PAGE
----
mercial club rooms. Today they will
visit the South St. Paul stockyards.
They were greatly delighted with the
reception given them at the agricultu
ral school, and feel that by. the visit
they have received valuable aid in the
solution of the question of devoting
more, attention hereafter to stock rais
TRAIN IN A RIVER.
Two Men Met Death and a Score
ALBUQUERQUE, N. M., Nov. 26.—
Yesterday afternoon fast freight train
No." 35 westbound, and No. 4, Chicago
bound, on the Santa Fe flyer, collided
In Canon, near Shoemaker, 150 miles
north of 'here, turning the mail, bag
gage, dining and chair ears bottom up,
in the river, killing two men and in
juring twenty of the train crews and
passengers. The dead are:
RUSSELL, H. G., mail clerk, of La
PITNEY, F. D., mall clerk, of La
Junta, Col. ... .-.-.
The injured: Robb, conductor of the
freight train, badly scalded, will die;
Drufry, conductor of the passenger
train, ankle broken; Bourne, engineer,
arm broken and badly cut, will re
cover; Brown, porter, seriously injured,
may die; news agent, name unknown,
not expected to live ;t wo passengers.
slightly injured. None of the passen-
gers were seriously injured so far -as
known. The cause of the wreck was
the freight train trying to make Shoe
maker on No. 4's time.. Both trains
were running at a high rate of speed
when they met.
MAKING PLASTER CASTS.
New Occupation That Even Chil-
drcn Can Engage In.
Plaster casts are not at all difficult to
make, and it would repay those who
would like some new occupation for
their leisure to try the experiment,
says the New York Tribune. There
are many natural objects that would
make good subjects, and It would in
terest children greatly, besides being
an excellent object lesson, to make
their own casts to draw from. Besides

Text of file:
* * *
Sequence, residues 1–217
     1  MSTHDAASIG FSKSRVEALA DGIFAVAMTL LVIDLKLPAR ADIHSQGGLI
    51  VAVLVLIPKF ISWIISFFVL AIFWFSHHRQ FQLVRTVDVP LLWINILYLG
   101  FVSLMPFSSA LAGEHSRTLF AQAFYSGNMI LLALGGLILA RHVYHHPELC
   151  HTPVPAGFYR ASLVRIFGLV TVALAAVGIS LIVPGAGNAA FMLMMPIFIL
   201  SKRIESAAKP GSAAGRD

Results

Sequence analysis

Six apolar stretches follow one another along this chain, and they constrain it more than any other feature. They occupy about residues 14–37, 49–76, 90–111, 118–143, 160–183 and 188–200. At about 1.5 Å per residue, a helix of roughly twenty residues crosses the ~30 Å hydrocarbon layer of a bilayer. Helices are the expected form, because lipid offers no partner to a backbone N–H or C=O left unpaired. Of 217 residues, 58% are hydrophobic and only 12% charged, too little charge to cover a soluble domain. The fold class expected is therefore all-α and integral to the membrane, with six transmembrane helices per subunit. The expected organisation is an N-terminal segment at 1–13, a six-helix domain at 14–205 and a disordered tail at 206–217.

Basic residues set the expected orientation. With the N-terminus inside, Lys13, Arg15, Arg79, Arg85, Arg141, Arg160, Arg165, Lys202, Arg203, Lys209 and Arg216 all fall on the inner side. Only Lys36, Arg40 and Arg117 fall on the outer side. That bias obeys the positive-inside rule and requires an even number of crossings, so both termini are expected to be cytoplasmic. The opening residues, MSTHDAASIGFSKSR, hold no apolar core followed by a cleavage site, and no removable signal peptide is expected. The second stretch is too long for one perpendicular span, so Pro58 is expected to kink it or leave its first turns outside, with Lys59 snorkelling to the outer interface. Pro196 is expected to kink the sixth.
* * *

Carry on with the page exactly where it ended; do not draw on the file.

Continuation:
the amusement, they would in this
way get a capital idea of the real form
of the object of which they are to give
the characteristics on a fiat plane sur
face in their drawing lessons. . An ap
ple or a pear presents the easiest form
to begin with, and nuts, vegetables,
and even leaves are not difficult Hands
and feet make very interesting casts,
and those of very young children or
babies are exquisitely pretty, the only
difficulty being in keeping the restless
little creatures still long enough for the
plaster to "set."
To make a good plaster cast the first
necessity is to get good fresh plaster
of Paris, as that which is kept too long
absorbs the moisture in the air and be
comes unreliable.. The object which Is
to be "taken" is then washed thor
oughly with soap and water, and then
painted with a soft brush which has
been dipped in soap and water, so that
the entire surface Is covered with
moisture. The plaster of Paris is then
mixed to the consistency of very thick
cream, and is put on the object with a
flat spoon that comes for the purpose.
If the object is very simple and flat in
shape it may be completely covered,
but If at all intricate a "piece mold"
would better be made. This is done by
putting the plaster on in parts, and as
soon as it hardens or "sets" the rest
is added. Sometimes the whole object
is smeared over and cut up in sections
with a fine saw after it has set
With the mold for a hand or foot the
sculptors have a way of twisting a silk
thread around the hand and drawing it
through at certain places just before
the plaster hardens, which divides it
Into pieces. A few experiments In
making a mold will show what is need
ed in this way. After the mold Is per
fectly hard it is cleaned with a soft
camels-hair brush and water and the
parts fitted together and bound with a
cord, one small piece being left off to
pour the plaster through. The mold Is
then wet with soapy water amd the
plaster of Paris is poured in, a little at
a time, turning the mold In such a way
that the plaster may run all over the
inside surface and fill every crevice.
As the plaster hardens very fast it
must be added to without any stop un
til the whole is finished and the last
piece pressed into place on the soft
plaster. When sufficient time has